The conditions were softer and slushier than they were in training, and skiers were crashing all day. Turski was too hesitant on her first run. She slipped out on the big box feature – “silly little fluke,” she said – and crashed so hard she separated her right shoulder.

It is a recurring injury. Happens two times a year, maybe. She popped her shoulder back in right there on the course, knowing only the best of her two scores would count and she still had a chance to make the final. “It hurts, but you know, I had to give my second run a shot,” she said.

Her father was concerned. “Because of how she was skiing, I knew that she was kind of sort of a wounded bird, you know?” he said. “And I feared for what would happen in the second run.”

Turski stood at the top of the hill before her second run feeling she had nothing to lose, telling herself to do what she knew how to do. The run started well, but when she landed her second jump, she was going backward. She hit a bump. She looked over her right shoulder – her separated shoulder – to set up for her final jump and reflexively turned forward.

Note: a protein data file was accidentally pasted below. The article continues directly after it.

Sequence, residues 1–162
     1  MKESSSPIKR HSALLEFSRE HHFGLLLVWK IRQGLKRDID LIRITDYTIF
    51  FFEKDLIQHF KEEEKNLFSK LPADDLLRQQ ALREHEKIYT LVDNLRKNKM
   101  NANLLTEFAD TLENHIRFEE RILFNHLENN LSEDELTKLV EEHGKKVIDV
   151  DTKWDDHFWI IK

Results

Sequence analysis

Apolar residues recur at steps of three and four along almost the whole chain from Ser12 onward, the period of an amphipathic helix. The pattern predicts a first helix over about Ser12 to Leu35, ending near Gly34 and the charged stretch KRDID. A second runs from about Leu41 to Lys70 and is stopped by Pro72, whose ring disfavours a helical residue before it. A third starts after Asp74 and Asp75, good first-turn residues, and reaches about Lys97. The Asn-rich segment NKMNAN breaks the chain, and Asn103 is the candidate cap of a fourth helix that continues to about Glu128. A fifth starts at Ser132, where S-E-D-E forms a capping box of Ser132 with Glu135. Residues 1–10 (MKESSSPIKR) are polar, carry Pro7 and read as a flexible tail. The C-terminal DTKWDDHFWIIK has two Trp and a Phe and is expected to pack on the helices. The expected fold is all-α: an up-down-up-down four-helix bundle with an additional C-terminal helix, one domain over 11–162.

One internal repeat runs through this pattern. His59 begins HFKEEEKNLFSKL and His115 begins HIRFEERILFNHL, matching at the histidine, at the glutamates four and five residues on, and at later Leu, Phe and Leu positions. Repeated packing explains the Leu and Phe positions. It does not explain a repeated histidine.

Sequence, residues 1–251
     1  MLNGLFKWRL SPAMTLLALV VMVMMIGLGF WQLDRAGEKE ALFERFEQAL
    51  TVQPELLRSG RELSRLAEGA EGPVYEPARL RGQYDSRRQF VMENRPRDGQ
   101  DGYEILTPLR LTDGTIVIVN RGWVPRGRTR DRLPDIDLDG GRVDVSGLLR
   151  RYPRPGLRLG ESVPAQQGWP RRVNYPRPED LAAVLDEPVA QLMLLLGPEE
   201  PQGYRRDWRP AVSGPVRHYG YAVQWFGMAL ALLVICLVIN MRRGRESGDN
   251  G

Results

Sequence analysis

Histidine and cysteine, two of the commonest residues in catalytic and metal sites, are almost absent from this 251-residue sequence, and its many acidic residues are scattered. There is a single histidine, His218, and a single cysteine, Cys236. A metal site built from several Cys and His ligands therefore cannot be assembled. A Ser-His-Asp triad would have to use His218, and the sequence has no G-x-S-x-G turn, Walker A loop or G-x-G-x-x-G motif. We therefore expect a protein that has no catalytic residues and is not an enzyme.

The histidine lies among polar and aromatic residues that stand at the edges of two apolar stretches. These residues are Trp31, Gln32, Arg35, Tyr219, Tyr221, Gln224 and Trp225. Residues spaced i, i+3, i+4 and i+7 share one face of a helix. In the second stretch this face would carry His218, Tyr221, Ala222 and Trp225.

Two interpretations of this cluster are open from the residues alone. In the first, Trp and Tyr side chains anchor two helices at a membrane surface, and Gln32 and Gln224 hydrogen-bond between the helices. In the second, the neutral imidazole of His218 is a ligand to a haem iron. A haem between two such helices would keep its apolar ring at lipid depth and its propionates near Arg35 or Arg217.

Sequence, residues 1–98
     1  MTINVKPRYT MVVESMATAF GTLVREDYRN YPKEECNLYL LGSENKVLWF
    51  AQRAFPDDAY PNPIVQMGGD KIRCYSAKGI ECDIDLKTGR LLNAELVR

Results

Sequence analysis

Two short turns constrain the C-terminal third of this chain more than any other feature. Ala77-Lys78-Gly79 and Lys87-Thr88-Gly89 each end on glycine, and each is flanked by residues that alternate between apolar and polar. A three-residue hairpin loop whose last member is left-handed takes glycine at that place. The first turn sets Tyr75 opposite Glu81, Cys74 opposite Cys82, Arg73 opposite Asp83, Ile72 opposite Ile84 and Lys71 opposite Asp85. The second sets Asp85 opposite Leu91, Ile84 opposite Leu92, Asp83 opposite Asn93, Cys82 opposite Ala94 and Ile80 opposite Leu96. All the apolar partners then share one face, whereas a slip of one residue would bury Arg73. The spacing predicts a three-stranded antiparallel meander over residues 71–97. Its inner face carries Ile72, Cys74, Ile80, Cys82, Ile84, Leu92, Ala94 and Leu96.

“It really was not intentional to do that,” she said. “I completely lost my speed. I was like, ‘OK, cross your fingers and see if you’ll make it.’ And I didn’t make it. I can’t believe I’m in one piece. It’s amazing.”

Turski crashed again and ended up 19th out of 22 skiers on a day Canada put two women on the podium. Dara Howell won gold, Kim Lamarre bronze. “She gave it her all,” Howell said. “I feel terrible for her.”

This was beyond disappointing, beyond frustrating. As she spoke afterward, she turned her head and coughed, told people to stay away and held a lozenge in her right hand. “If it was an injury of sorts, if she fell and she twisted something, that would be a lot easier to swallow,” her father said. “But kind of a common cold? For it to derail not just Olympic dreams, but her particular way of getting here, is really … It’s hard.”

But Turski has sayings written in black marker on the bottom of the red sleeve of her Team Canada jacket, like “WHY NOT” and “you already know” and “no moment defines you.” This will not define her as an athlete, even if she never competes in another Olympics. She has accomplished far too much already for that. And what she did and how she viewed it says a lot about her as a person.

“I think I did an incredible thing just dropping in today,” Turski said. “It’s not necessarily the outcome I was hoping for, but I recognize things in life are not always a straight line or a straight road. It definitely hasn’t been for me in the last six months. I’ve had a lot of rocks or bricks – whatever, cement blocks – thrown my way, and I made it. So you know what? I’ll take it. I’m proud.”

Turski found her friends and family along the fence. Four or five people wearing white Turski T-shirts gave her a group hug, then her father put his hands on her cheeks, leaned in close and looked into her eyes. If there were tears, they were brief. Soon, they were smiling again, even laughing.

“I’m here,” Turski told her father. “I’m here.”